Confidentiality agreements or NDAs are commonly used where parties are exploring a potential commercial transaction such as a share sale. When completing due diligence, it is standard for a disclosing party, such as a vendor, to require a confidentiality agreement or NDA.
Below we discuss some of the key considerations with confidentiality agreements and NDAs.
Deed vs Agreement: where there is no consideration passing between the parties in return for the obligations of confidence, a deed should be used as opposed to an agreement. A deed will be enforceable despite the lack of consideration. This is not the case for an agreement. Further, a party seeking to rely on a deed has a longer period of time to do so in that, i.e. in New South Wales, litigation can commence for a breach of the deed within a period of 12 years, whereas litigation for a breach of an agreement must commence within six years.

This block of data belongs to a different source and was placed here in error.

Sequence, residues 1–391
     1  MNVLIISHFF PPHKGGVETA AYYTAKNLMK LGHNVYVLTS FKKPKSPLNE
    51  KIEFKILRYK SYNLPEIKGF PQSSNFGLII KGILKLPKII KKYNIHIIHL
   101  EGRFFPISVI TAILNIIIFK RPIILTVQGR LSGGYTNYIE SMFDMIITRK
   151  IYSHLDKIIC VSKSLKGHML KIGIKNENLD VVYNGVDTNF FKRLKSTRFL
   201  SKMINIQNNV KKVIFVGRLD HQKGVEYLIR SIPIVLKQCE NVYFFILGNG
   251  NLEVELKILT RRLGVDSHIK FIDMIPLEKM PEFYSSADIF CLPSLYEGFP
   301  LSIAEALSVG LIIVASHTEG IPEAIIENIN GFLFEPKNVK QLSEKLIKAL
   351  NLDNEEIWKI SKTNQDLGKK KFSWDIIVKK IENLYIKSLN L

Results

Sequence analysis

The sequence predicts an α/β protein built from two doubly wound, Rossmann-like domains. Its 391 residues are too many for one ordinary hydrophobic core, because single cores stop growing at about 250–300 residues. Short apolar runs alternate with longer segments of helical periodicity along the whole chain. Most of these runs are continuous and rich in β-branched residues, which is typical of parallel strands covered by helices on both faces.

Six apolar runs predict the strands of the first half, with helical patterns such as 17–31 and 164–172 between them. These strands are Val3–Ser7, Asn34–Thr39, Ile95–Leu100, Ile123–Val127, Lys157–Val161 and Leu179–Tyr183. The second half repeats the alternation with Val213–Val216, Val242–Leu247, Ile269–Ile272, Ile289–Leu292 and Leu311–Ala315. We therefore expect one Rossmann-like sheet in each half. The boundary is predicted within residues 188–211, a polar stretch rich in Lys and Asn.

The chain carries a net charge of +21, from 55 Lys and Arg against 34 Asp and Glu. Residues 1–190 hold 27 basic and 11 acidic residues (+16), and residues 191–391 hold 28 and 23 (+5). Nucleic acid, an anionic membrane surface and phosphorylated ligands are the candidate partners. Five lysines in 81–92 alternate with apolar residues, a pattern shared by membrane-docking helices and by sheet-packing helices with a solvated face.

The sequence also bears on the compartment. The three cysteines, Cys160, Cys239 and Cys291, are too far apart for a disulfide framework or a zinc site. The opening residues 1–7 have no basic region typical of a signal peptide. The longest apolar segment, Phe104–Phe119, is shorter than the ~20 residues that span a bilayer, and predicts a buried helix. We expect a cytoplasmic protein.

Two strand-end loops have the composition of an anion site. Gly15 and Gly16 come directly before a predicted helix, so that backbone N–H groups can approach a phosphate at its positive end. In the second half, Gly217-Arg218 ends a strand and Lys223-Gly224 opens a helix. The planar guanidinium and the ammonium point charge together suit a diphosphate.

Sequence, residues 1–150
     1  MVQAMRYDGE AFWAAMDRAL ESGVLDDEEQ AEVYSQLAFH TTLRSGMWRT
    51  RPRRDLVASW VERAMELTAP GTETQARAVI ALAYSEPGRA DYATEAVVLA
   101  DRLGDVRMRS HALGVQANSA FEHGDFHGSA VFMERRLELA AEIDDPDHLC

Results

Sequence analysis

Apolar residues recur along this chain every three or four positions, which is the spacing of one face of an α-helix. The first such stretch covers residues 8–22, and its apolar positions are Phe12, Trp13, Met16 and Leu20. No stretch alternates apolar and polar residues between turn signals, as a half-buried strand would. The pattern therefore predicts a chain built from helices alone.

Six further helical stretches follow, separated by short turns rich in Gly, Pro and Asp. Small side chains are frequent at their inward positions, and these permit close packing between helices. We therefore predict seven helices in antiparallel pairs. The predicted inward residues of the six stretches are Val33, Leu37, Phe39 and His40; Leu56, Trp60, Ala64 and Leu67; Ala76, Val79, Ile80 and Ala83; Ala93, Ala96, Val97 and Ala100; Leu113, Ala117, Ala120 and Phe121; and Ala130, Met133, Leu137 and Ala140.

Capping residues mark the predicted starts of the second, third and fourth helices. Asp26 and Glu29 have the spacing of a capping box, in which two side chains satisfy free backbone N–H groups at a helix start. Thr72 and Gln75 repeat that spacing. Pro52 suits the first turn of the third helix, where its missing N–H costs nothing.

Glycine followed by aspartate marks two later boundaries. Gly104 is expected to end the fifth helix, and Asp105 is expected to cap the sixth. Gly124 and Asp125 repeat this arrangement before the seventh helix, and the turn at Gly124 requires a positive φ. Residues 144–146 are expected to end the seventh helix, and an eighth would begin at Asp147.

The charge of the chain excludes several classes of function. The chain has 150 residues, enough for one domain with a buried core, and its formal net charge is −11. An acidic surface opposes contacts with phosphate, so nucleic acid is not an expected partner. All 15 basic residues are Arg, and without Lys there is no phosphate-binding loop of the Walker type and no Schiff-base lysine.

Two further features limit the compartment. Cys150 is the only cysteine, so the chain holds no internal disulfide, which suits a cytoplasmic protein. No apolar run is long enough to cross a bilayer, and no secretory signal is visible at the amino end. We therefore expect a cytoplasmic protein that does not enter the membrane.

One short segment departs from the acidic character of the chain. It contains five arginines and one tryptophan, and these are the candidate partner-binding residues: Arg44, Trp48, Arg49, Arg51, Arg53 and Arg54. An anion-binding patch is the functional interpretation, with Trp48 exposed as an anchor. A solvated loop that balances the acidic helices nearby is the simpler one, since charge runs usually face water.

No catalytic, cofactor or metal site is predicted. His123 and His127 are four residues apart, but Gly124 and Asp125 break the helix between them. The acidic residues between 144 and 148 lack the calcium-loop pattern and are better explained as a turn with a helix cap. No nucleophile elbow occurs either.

The definition of confidential information: the parties should carefully consider the scope of confidential information covered by the confidentiality agreement or NDA. For the party disclosing information, a broad definition is favourable as it reduces the risk of information being disclosed that is not subject to the confidentiality agreement or NDA.
Exceptions to the agreement: confidentiality agreements and NDAs typically include exceptions i.e. information that is not confidential as it is public knowledge or actions that do not breach the agreement i.e. forced disclosure to a law enforcement agency. The parties should carefully consider whether proposed exceptions are appropriate.
Term of the agreement: it is common to see an arbitrary term in a confidentiality agreement or NDA i.e. two or three years following commencement. There are benefits in having certainty as to the term of an agreement, but the parties also need to ensure that the term is appropriate having consideration to the nature of confidential information to be disclosed.
Unilateral or mutual: confidentiality agreements and NDAs may either be one way (imposing obligations on one party) or mutual (imposing obligations on all parties). Where the parties are both disclosing confidential information, a mutual document would be preferential.
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